Archive for July 6, 2008
I’ve been spending my life on my computer for months now working on my children’s mural websites (loving it) but I really need to make something with my hands.
I’ve decided to make a two mosaic topiaries.
Outside our front door gets extremely hot in the summer, and my pot plants either side of the door really don’t do very well, mainly because they need to be watered 2 or 3 times a day. As a result they are just about dead. (they’re lucky if they get water once a day)
So I had a brain wave…make two elegant faux trees out of mosaic.
They won’t need water! EVER!
I’ve started the project and I’ll blog the process.
With a bit of luck they might look quite nice in the end. That or I’ll have to delete all my references to them in my blog out of embarrassment!
How to make a ball shaped support for the tree part.
I bought a cheap beach ball for a paper maché support. The paper maché was a mixture of flour, wood glue and water, and of course strips of the local newspaper.
Firstly, I greased the ball with some bicycle grease my husband had lying around just to make sure the paper maché wouldn’t stick to the ball. The idea is that I leave a hole where the ball valve is, and I can deflate it when it’s dry and remove the ball.
The proportions I used for the paper maché were 2 parts flour, one part glue and one part water. The mixture had a consistancy of thick cream. I tore my newspaper into strips and dipped each strip one at a time into the goo, then placed it over the ball, overlapping the strips.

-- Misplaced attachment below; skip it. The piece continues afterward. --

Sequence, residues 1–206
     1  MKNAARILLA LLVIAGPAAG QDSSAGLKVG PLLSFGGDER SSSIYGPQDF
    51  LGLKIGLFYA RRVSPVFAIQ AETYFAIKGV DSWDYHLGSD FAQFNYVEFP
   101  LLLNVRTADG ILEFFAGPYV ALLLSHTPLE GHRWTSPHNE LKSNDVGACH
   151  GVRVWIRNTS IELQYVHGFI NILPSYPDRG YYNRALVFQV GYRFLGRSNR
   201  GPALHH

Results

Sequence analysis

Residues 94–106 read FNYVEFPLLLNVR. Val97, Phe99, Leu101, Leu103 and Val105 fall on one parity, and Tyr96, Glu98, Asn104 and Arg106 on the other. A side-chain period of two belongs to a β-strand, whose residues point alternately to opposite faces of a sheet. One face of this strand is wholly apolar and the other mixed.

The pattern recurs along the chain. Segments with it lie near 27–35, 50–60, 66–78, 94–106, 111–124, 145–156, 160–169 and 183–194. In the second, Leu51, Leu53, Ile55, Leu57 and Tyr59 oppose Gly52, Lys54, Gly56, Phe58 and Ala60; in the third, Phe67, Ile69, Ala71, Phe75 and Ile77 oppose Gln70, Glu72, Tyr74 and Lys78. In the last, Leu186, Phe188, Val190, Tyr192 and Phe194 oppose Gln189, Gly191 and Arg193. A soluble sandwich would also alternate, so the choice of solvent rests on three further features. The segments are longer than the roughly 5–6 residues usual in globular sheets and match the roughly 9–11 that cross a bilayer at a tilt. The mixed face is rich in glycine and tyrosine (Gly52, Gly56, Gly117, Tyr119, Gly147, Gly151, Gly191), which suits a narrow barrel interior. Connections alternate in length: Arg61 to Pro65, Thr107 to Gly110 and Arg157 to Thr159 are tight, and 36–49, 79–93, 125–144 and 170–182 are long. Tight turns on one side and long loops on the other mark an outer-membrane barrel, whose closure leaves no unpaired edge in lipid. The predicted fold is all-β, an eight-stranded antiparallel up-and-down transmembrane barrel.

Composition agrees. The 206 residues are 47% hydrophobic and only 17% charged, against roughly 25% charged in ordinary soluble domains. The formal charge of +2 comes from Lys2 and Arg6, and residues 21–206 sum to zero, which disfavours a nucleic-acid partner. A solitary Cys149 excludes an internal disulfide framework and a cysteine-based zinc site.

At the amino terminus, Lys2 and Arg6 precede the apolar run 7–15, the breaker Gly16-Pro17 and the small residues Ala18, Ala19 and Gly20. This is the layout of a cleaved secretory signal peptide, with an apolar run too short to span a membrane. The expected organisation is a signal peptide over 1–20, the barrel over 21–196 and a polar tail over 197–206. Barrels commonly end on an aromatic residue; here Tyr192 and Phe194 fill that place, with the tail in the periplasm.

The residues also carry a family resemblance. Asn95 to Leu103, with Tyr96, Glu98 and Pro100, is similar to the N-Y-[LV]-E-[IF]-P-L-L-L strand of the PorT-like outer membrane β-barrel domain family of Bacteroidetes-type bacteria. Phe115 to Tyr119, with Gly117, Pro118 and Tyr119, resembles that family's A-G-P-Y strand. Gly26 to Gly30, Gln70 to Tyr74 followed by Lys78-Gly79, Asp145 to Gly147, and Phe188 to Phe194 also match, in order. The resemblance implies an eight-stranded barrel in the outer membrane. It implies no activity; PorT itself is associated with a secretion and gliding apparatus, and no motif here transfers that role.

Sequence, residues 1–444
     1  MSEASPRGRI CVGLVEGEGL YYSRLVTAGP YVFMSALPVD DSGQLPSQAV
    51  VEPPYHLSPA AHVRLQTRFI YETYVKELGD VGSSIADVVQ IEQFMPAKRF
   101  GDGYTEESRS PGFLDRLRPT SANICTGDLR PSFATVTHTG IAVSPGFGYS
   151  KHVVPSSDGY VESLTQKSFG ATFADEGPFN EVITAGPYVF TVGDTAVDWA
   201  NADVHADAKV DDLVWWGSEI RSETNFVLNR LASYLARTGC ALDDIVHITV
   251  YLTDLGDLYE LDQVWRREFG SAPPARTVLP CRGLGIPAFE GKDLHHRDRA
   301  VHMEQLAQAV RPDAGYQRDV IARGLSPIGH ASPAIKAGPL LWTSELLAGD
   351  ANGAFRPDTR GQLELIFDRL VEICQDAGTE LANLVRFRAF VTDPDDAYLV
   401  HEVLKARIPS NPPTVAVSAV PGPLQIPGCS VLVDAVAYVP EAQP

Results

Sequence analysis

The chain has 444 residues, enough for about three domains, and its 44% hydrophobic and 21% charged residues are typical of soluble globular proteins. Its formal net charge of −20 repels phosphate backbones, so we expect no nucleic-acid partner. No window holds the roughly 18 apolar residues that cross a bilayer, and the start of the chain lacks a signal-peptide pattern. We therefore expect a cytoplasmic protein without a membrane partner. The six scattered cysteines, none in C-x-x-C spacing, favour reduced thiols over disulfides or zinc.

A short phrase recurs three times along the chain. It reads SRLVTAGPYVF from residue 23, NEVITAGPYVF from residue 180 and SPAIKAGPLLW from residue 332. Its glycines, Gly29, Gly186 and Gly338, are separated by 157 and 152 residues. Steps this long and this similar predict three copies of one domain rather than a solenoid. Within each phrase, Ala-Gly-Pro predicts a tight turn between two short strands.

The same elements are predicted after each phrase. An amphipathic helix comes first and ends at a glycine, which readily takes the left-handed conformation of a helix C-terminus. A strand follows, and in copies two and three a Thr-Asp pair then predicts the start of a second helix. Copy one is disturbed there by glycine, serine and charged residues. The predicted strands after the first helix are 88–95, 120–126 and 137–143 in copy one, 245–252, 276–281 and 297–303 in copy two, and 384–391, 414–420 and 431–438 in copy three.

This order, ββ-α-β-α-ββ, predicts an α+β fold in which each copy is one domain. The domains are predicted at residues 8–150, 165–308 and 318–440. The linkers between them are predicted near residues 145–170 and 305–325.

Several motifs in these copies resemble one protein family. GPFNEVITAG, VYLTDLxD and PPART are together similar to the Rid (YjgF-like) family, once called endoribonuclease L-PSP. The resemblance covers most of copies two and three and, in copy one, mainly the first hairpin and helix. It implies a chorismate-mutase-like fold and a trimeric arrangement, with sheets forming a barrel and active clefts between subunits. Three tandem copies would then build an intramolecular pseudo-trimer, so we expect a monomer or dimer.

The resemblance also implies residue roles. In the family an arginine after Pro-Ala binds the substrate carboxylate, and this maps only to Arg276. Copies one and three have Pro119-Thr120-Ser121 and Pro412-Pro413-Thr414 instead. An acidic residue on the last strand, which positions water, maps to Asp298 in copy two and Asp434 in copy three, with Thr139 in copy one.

I completed the first layer of paper maché and let it dry in a cool room by suspending the ball by some string attached to the ball valve. I say a cool room because when I did the second ball I had the bright idea to put it out in the sun to dry.
The air inside the ball got hot and expanded, inflating the ball further and splitting the paper maché (which was getting quite dry) in half.
Don’t do that!
When the ball was completely dry, I did a second layer of paper maché along with some skrim (I think that’s what it’s called). Builders use it to tape over the joints between two pieces of plaster board. It did curl up a bit, so I put more strips of newpaper over it. You don’t have to use it, but I wanted to make my ball as strong as possible.
Now that the two layers are dry it’s as hard as a rock!
Harder than I hope for, so I’m happy.
I let the air out of the balls and removed them from the paper maché. It worked a treat.
I now have two hollow balls of paper maché ready for stage two.